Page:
After the initial shot, two Confederate artillery batteries (8 guns total) now open up on the Union column strung out on the Warrenton Pike. Men, horses and wagons begin to scatter about to escape the falling shells. The brigade of New York troops trailing the Black Hats break and run away. They will not be part of this fight. Gibbon orders the artillery battery he used to command, Battery B, 4th U.S. Artillery, to unlimber and return the Rebel fire. Gibbon then begins to move his brigade towards some woods towards his left front to gain some protection from the Rebel artillery and to try to flank them.
The fire from the 4th U.S. Artillery proves to be accurate and effective that it forces the Rebel artillery to withdraw from the field. Unaware that there are 20,000 Rebel soldiers in the woods to his front, thinking he his being harassed by only artillery, Gibbon sends the 2nd Wisconsin infantry regiment to fully drive them from the field. As the 2nd Wisconsin emerges from their strip of wood, an entire brigade of Confederate infantry emerges from the woods to their front, it is Jackson’s former command – The Stonewall Brigade. The legendary, seasoned veterans now number only 800 men, but they still outnumber the 2nd Wisconsin by a 2 – 1 margin. Both lines approach each other, the Black Hats undeterred by the superior numbers of Rebels. At 100 yards, the 2nd Wisconsin unleashes a volley that staggers and halts the Stonewall Brigade. It is 6:00 PM.
Over the next two hours Stonewall Jackson will pour more and more soldiers into the battle, extending his line to try and overlap the Union left. John Gibbon is able to anticipate Jackson’s moves and has sent the remaining Black Hat regiments into line, extending his left to avoid being flanked. This frustrates Jackson. The Union and Confederate lines close within less than 50 yards of each other. The untried Black Hat regiments fire volley after volley into the Rebels, and vice versa. Men fall like mowed hay. Gibbon commits his last regiment to this maelstrom and has no more troops to extend his left. The fire from the Black Hats has stymied the seasoned Rebels, but they try to exploit the fact that Gibbon has now committed all of his men. At this critical point, the lead regiments of Union General Abner Doubleday’s Brigade arrive on the field and provide support to Gibbons left. The time is now 8:00 PM, daylight is diminishing to where it is becoming difficult to tell friend from foe. Firing becomes sporadic and eventually ends. The only Yankee and Confederate soldiers moving on the field now are those crawling wounded, or those trying to collect the wounded. The cost has been fearful. Stonewall Jackson and his men were fought to a standstill. Grudgingly they acknowledge the stubborn stand by the Black Hats as causing the fight to end in a draw. From this day forward, the Black Hat Brigade of mid-westerners will be honored with a new name – The Iron Brigade.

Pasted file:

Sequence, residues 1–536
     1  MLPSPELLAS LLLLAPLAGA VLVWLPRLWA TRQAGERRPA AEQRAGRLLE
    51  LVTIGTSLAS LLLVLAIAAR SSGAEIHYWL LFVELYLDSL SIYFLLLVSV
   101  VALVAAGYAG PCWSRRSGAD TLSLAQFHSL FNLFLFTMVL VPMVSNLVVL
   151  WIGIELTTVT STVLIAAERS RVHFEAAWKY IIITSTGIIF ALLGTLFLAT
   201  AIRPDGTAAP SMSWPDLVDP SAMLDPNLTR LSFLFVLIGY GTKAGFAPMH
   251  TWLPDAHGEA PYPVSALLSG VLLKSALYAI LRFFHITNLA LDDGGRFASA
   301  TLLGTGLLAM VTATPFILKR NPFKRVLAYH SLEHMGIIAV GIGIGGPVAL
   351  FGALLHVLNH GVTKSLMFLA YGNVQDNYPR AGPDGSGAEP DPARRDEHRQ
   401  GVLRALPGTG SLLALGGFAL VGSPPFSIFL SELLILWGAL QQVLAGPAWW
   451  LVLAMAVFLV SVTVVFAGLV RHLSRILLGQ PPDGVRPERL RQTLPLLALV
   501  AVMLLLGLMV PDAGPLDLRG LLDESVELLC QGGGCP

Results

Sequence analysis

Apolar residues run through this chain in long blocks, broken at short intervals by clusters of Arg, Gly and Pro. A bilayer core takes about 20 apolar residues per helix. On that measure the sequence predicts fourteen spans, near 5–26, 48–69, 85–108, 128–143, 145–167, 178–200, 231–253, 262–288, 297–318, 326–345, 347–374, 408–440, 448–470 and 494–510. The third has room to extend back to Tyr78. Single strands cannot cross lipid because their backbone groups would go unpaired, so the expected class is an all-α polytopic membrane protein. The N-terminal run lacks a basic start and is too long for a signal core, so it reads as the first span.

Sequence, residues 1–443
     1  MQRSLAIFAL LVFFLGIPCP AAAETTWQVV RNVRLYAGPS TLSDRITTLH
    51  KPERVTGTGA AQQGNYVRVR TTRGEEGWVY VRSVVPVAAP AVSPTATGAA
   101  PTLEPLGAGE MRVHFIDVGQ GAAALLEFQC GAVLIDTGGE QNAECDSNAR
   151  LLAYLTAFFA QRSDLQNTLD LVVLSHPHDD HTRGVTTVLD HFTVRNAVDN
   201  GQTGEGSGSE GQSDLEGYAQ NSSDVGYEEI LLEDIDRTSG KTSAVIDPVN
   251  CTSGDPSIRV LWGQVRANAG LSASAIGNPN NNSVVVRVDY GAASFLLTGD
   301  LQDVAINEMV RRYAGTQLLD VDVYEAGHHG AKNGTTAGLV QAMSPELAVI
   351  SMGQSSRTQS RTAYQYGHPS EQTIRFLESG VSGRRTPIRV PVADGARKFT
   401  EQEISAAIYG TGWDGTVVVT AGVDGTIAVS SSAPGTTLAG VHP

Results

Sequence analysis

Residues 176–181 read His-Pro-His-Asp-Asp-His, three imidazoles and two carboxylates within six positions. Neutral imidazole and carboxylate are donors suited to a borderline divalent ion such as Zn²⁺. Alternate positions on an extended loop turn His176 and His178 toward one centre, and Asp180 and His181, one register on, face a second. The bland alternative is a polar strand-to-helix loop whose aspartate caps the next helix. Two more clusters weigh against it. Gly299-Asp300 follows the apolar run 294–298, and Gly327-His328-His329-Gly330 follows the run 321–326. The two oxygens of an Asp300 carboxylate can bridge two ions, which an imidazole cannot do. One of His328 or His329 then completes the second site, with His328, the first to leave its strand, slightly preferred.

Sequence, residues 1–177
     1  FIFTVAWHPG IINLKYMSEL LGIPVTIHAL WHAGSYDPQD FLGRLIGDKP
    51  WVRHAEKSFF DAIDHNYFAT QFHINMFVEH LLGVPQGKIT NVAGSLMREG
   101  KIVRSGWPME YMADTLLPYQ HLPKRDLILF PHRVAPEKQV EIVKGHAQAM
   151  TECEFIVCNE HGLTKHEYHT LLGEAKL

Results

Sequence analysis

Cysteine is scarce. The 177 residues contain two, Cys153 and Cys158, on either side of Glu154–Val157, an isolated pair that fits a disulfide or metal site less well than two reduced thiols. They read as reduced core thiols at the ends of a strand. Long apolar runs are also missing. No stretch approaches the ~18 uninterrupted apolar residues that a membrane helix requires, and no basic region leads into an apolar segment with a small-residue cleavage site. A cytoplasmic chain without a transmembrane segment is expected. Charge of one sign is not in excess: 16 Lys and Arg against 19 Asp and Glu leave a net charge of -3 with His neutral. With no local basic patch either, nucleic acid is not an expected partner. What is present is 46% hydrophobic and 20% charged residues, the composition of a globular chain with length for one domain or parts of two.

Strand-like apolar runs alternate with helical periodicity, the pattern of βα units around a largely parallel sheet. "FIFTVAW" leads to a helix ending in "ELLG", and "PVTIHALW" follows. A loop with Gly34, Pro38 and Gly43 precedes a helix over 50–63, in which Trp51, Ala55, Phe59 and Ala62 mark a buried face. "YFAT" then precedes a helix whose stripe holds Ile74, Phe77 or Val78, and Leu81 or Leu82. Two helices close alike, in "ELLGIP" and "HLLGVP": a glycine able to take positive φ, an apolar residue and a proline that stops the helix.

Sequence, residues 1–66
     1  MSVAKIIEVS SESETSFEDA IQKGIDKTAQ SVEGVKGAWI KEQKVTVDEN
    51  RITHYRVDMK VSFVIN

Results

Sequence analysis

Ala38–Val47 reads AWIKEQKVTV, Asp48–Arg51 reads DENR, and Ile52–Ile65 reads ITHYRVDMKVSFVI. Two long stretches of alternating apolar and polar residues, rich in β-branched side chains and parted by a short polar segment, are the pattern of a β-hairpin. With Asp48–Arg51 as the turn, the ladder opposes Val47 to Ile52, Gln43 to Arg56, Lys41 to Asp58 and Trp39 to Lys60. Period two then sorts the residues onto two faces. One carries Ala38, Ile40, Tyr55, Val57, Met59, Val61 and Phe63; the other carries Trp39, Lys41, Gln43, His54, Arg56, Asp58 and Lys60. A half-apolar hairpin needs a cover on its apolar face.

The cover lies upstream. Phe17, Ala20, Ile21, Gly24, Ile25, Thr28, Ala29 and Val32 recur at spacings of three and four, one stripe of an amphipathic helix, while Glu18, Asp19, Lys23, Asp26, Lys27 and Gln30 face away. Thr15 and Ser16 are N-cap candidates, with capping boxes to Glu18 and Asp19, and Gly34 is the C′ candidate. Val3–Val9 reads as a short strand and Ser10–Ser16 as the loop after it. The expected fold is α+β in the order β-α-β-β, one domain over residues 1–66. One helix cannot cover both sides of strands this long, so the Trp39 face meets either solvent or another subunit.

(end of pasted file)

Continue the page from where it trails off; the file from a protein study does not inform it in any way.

I have wanted to visit the Bull Run battlefield since I was a child. Barb and I went there this weekend. I was fortunate to get a personal tour from a very knowledgeable Park Service Ranger. I was deleighted in our exchange of knowledge. So many things to see, but I desired to visit the Brawner’s Farm portion of the Bull Run National Park. The Iron Brigade of mid-western troops has been one of my favorite Civil War units. I have seen the field where they where almost annihilated, Gettysburg, I wanted to see the field where the legend was created.
I have several books about the Iron Brigade, but Alan Nolan’s “The Iron Brigade” provides the best description of the unit at Brawner’s Farm. From the Confederate side, John Casler’s “Four Years In The Stonewall Brigade” is an outstanding unit history. John J. Hennessy provides an overall analysis of the 2nd Battlemof Bull Run, and covers Brawner’s Farm , in his book – “Return to Bull Run: The Campaign and Battle of 2nd Manassas”. I read this excellent book this past summer. Much is owed to my wife, Barb, for indulging my interest in the Civil War and for traipsing over the muddy fields of Bull Run and Brawner’s Farm, dodging rain drops.